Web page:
John Henry says he used to be a 'round stone chauvinist'.
When I met him back in 2005 he sought my assistance in locating and gathering 'dinosaur egg' stones - round-shaped, glacial granite. We collected a load of suitable stones at a quarry I knew of here in Ontario, and he arranged a truck to take it back to Washington DC where he was building his unique, angle-of-repose, round stone walls in his back yard.
After we got to know each other better, having gone down the next year to build a fireplace for him at his other house ( a beautiful rolling hill 18 acre property in Virginia ) and then a year later to help build dry laid walls with him , he announced he'd changed his mind. He was through with round stones. He'd got religion!
Contrasting stones and walling styles on John's property
He’d watched me building in the only style I considered appropriate for the tons of irregular blue ridge mountain stone in the area that was the only plentiful material available to work with. As he put it, he’d now become a 'flat stone chauvinist', but not until he’d given it a darn good try building round stone walls on his Virginia property too.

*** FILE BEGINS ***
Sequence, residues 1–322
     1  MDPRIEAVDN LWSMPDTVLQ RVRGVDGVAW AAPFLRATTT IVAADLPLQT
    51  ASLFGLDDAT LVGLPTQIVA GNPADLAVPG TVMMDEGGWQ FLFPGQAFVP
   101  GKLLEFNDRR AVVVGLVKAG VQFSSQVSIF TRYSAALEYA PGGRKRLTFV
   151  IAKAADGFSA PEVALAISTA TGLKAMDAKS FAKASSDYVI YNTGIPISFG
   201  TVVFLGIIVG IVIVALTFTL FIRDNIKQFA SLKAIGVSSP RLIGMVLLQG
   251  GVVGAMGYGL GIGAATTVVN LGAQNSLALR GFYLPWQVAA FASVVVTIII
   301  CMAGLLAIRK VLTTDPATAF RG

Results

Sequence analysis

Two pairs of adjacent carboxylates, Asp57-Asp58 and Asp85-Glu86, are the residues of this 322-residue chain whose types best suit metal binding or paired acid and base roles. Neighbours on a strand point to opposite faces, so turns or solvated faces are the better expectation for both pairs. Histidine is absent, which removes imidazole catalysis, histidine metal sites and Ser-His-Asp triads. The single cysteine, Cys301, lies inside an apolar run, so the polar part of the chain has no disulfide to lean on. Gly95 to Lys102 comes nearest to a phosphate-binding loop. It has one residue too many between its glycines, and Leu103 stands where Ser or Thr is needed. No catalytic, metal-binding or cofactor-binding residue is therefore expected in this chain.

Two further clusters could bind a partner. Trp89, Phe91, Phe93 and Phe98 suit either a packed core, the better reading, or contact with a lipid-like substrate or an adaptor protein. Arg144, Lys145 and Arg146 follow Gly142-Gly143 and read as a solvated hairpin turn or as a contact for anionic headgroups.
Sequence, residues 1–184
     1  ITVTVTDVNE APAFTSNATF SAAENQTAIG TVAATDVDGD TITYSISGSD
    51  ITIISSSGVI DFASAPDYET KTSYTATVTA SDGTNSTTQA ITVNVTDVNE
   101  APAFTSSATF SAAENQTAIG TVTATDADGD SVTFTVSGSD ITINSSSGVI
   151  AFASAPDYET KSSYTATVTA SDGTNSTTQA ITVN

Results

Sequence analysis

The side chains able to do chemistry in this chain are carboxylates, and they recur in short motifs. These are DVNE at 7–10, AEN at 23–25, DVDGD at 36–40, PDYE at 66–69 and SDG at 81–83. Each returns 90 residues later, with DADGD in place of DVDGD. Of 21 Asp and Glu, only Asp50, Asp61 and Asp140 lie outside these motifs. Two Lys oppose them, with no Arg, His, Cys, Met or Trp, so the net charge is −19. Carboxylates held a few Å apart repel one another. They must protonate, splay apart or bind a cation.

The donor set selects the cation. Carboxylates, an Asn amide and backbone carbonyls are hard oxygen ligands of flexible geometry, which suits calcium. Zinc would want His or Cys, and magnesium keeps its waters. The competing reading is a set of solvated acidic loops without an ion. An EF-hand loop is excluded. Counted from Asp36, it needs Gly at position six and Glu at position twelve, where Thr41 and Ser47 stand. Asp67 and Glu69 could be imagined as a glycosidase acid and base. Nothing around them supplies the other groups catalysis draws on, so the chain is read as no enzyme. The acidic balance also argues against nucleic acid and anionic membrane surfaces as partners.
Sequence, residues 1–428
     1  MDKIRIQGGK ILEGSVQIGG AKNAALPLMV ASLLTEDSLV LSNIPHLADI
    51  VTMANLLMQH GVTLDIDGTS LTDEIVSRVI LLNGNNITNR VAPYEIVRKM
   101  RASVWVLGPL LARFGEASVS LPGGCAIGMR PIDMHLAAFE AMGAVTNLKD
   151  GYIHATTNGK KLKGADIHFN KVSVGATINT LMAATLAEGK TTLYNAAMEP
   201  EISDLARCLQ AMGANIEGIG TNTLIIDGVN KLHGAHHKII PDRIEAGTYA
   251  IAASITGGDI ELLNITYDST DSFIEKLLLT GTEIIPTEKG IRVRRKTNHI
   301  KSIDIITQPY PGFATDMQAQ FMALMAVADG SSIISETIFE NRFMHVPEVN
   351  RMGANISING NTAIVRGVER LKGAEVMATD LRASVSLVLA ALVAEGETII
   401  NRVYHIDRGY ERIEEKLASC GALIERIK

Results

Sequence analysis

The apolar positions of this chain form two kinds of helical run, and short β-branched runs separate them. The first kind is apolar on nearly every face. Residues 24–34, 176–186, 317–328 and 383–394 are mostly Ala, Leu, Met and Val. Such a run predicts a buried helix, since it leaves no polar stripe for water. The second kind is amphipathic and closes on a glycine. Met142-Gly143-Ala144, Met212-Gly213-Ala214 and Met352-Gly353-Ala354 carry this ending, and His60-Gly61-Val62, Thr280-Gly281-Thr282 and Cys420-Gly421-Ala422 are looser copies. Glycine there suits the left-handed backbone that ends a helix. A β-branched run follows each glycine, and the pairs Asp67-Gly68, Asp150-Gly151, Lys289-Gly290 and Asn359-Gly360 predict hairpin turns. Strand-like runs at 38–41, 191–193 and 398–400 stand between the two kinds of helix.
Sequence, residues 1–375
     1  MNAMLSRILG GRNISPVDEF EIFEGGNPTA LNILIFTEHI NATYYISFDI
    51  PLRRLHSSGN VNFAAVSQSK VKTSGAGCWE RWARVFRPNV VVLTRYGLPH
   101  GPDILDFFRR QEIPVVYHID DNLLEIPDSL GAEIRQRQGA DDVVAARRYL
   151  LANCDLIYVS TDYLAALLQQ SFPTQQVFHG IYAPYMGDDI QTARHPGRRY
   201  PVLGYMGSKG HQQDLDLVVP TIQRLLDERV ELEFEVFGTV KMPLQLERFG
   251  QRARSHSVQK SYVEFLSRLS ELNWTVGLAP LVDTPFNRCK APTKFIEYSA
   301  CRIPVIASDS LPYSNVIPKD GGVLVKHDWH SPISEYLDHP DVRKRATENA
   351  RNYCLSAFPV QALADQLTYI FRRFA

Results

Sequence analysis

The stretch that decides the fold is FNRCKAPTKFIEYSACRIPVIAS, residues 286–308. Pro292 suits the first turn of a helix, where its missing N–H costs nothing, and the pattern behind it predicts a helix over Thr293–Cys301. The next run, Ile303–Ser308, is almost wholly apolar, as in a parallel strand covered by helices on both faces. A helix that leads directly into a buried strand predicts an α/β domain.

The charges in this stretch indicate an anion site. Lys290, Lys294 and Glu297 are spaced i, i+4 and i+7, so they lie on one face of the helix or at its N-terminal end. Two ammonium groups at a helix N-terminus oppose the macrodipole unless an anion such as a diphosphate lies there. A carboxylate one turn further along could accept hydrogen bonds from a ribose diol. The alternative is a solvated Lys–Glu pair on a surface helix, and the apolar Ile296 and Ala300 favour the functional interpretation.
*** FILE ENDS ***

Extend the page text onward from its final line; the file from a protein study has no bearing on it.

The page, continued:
The problem was that the stones in Virginia were not exactly flat either, nor were there enough of them for the project he wanted to take on. At that time, his dream was merely to rebuild the several existing older walls that and add a few new border walls. It was assumed all the walls look fairly traditional in proportion and shape, and be consistent with what is seen a lot of in that area of Rappahannock County.
Having not found anywhere near enough surface stones on his property to do the job, and not eager to buy and truck in the hundreds of tons he would need to do such an ambitious project, he started looking under the property.
But that’s tomorrow's story.